Getting Growl is pretty easy. Just download the installer from and double-click on the Growl.prefpane. When asked, decide whether you'd like to install Growl for yourself or for all users of the computer. For all users, you'll need an admin username and password. Even though it's not necessary to be an admin user to install Growl, admin rights are necessary in order to use it as a scripting enhancement, if it's necessary to run script with root privileges, so I recommend installing it for all users of the computer.

Figure 3. Install for One or All Users

Once installed, the Growl preference pane reveals a number of options, such as the notification style, the applications registered to use Growl, and which notifications they're set to use, as well as a "Stop/Start" Growl item, that either launches or kills the GrowlHelperApp background process. The styles range from the default "Bubbles" to the more serious-looking "Bezel" and the rather in-your-face "Music Video" which places a long black bar across the bottom of the display right where the Dock usually sits. General Growl preferences govern the Growl background process GrowlHelperApp, whether logging is enabled or not, idle and menu bar status icon settings, and whether Growl should automatically check for updates.

Figure 4. Growl General Settings. Figure 5. Growl Application and Notification Settings.

The next tab in the Growl preference pane governs the Growl-savvy applications registered with the Growl notification system and their notifications, which can be toggled between a state of on and off, and whether they are "sticky" meaning that they will stay on screen until receiving a mouse click. Individual display styles are available for each notification, as well as a priority, should there be several notifications queued. One of my absolute favorite Open-Source programs for Mac OS X, is Cyberduck (, a wonderful FTP/STFP client, made "just for Mac OS X." For long downloads and uploads, it's very useful to have some notifications more informative than a "jumping" duck, and with the "sticky" option, the notice remains on the screen until receiving a mouse click.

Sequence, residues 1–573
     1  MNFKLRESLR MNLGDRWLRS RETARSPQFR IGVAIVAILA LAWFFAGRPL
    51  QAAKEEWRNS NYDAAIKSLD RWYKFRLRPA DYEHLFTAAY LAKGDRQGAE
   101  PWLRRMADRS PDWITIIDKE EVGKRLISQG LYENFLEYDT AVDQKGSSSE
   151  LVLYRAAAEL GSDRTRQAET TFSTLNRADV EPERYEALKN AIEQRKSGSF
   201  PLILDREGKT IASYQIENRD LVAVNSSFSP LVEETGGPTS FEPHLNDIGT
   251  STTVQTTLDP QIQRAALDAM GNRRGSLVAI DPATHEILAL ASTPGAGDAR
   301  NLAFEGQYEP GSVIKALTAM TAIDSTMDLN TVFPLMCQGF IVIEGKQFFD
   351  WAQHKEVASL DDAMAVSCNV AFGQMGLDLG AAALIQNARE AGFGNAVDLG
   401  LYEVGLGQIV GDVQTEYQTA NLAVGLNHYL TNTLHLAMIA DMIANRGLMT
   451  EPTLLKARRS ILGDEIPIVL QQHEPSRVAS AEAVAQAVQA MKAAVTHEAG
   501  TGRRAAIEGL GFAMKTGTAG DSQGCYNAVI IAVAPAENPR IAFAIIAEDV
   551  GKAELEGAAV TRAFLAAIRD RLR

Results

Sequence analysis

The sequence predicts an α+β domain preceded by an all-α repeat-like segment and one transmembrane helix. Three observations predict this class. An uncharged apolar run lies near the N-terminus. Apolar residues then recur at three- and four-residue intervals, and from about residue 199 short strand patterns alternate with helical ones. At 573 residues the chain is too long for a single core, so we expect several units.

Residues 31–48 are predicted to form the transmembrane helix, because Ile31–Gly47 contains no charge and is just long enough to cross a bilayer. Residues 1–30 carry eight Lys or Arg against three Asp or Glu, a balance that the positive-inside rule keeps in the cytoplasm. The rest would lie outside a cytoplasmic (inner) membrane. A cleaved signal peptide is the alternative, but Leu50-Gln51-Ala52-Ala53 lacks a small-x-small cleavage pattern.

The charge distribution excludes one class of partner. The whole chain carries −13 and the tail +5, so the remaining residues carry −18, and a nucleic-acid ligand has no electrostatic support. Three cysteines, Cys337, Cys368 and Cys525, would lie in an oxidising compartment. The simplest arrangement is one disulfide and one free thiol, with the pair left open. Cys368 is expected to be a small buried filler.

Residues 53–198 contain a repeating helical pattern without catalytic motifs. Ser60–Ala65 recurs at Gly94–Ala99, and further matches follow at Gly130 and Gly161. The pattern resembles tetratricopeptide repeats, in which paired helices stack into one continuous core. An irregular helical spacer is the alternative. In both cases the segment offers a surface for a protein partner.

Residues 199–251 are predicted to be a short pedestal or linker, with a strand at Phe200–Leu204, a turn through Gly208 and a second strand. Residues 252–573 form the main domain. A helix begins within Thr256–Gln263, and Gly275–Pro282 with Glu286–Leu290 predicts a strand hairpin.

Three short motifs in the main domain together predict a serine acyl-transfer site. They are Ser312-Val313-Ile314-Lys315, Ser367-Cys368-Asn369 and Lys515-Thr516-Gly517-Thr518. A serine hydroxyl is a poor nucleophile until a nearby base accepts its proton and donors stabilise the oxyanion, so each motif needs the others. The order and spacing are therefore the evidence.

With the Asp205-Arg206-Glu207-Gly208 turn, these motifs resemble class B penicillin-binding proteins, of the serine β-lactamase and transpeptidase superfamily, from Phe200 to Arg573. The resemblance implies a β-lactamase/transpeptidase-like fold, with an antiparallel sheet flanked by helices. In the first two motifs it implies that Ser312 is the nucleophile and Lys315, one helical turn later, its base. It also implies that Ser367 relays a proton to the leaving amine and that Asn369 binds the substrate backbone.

Figure 5. Upload Task Completion Notification.

It's not hard to imagine that useful notifications such as those from Cyberduck would find their way into so many developers' applications. Growl even has recently-added network support, which allows for the relaying of alerts to client machines across a network. It's even possible to set up multiple relays to propagate notifications over a wide area network, though network implementations of Growl are largely unheard of at this point in time. For System Administrators who'd like to send Growl notifications over a network, there's the Growl Perl Module in CPAN (Comprehensive Perl Archive Network) ~nmcfarl/Net-Growl-0.99/lib/Net/ that can send out Growl notifications without Growl needing to be installed on the originating host, opening up the door to notifications that might come from a Linux or Windows box as well. As a matter of fact, with some cooperation, it's not a stretch to imagine Growl and a network monitor like Nagios ( complementing each other to form a comprehensive solution for local and remote alerts via web server, pager, email and the Desktop.

Growl, Who's There?

Perhaps the most common use for Growl is an application which many Mac users depend on for daily interaction and communication, yet suffer from the "jumping" icon syndrome: iChat. As people on an iChat buddy list come online or go offline, the user gets background sound effects. If a chat is initiated, and iChat is in the background, iChat jumps, it doesn't say who is inviting you to chat nor will it tell you who is available, or who would like your attention. Wouldn't it be nice if it did? Wouldn't it be nice to see the incoming status messages from a backgrounded chat session without brining iChat to the front? Wouldn't it be nice to know exactly who is available or not available with a translucent status message rather than a whoosh sound effect, that says "someone is either coming or going, I don't know who. . ." Well, that's precisely what the free enhancement growliChat ( brings to Mac OS X. Installing growliChat is a piece of cake, just download it and double click on the disk image (.dmg), then double-click the prefPane to install it and move the application to /Applications.

Figure 6. Installing GrowliChat.